- I’m always interested to read about horse owners who are making out well while spending frugally and wisely. I’m having a lot of fun participating in a small way with Highland Cat and Christening with Castle Village (and a new one – a City Zip two-year old NY-bred; more on him later), but I do aspire to get involved in a bigger way. And since I don’t anticipate having the means to compete at the sales with Godolphin or Bob and Beverly Lewis anytime in the near future, I pay particular attention when I read about owners and partnerships such as the group that owns Itsallboutthechase about which I recently posted.
So it was with great interest that I read this article in the Arkansas Democrat Gazette about trainer Larry Jones, who trains for clients who prefer for him to purchase fillies at the yearling sales he attends, rather than colts.
In fact, other than Poverty Slew, who once ran second to eventual sprint champion Cherokee Run in 1993, fans might be hard pressed to name any other semiprominent male Jones has trained in his 24-year career.That makes tons of sense to me. It’s mind boggling how much money people will spend in order to basically try and win one specific race, and just one bad step and you have yourself a million dollar pet. At least with a well-bred filly, even if she never makes it to the starting gate, you can still breed her and have a little fun (and spend a little more money.)
“I don’t think there’s any question I have a better chance of winning the Kentucky Oaks than the Kentucky Derby,” said Jones, whose wife Cindy is his assistant. “When we’re sent to the sales, that’s not what I’ve been sent to try and find, a Derby horse.”
Jones said the few colts he trains are usually for a breeder. But the majority of his clients prefer fillies because, even if they bomb on the track, there can be value as a broodmare prospect.
Jones has also spent his clients’ money shrewdly. Among the diamonds in the rough Jones unearthed there are Ruby’s Reception ($12,000), Josh’s Madelyn ($10,000) and Don’t Countess Out ($16,000). You don’t have to spend megabucks for a good horse; or even for a champion, as Jeff Scott pointed out in the Saratogian earlier this week.
Of the 100 flat-racing awards handed out over the past 10 years, -- approximately half of which have gone to commercially bred horses -- only six went to runners costing more than $250,000.- One of Larry Jones’ fillies at Oaklawn is the three-year old Hoochie Glide, and though she ran 6th in the Silverbulletday stakes at the Fair Grounds meet this past weekend, her pedigree is so unusual that she bears mentioning. She’s by High Yield, out of the mare Abrade, who, being by Mr. Prospector out of File, is a full-sister to Forty Niner. That stallion is the broodmare sire of High Yield, so you have here the rather incestuous inbreeding of 3x1 to a full brother-sister combo. Just thought I’d point that out to anyone who gets as turned on about that kind of stuff as I do. (Perhaps I need a vacation.)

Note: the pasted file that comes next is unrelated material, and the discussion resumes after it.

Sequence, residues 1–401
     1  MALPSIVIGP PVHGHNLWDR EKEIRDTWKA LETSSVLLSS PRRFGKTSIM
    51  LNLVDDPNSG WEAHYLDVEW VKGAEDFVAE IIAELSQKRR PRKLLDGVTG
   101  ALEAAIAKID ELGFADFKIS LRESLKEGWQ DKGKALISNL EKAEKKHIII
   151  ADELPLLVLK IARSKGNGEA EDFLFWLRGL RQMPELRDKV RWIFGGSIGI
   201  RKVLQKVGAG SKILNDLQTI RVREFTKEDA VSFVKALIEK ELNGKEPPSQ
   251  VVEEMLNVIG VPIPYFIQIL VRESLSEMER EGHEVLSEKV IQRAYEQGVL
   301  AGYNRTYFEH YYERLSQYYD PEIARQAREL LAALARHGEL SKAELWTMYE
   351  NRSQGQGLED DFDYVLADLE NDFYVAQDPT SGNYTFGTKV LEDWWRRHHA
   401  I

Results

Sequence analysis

Far more awards over the past decade have gone to horses at the other end of the scale. In fact, nearly a quarter (24 of 100) of these recent championships were won by horses costing less than $50,000. Among the better-known were Skip Away ($30,000), Silver Charm ($16,500), Thunder Gulch ($40,000), Serena's Song ($42,000) and Kona Gold ($35,000). Xtra Heat went for the lowest price of all. The 2001 champion 3-year-old filly sold for $4,700 as a yearling. ($35,000). Xtra Heat went for the lowest price of all. The 2001 champion 3-year-old filly sold for $4,700 as a yearling.
- Tim Ritchey sends out his three-year old prospect Menacing (Lemon Drop Kid) in a one mile allowance at Oaklawn on Saturday. He won his debut at the distance at Delaware in September before finishing 4th in his last race, the sloppy track, one-turn mile Champagne.
- Bourbonette (Honour and Glory), who broke her maiden at Turfway on Wednesday night, is a full sister to graded stakes winning sprinter Battle Won.
- And speaking of potential million dollar pets, Bedford Falls (Forestry), a $1.1 million yearling purchase for Darley, will make his debut in a six furlong maiden special at Gulfstream on Saturday. He’s a three-quarter brother to Florida Derby, Blue Grass, and Donn winner Harlan's Holiday. I guess I should probably better mention that he won the Pennsylvania Derby too. He ran 7th as the 6-1 favorite in the 2002 Kentucky Derby. He stands at Airdrie for $17,500, and his first crop are yearlings this year; his weanlings averaged $91,947 at sale in 2005.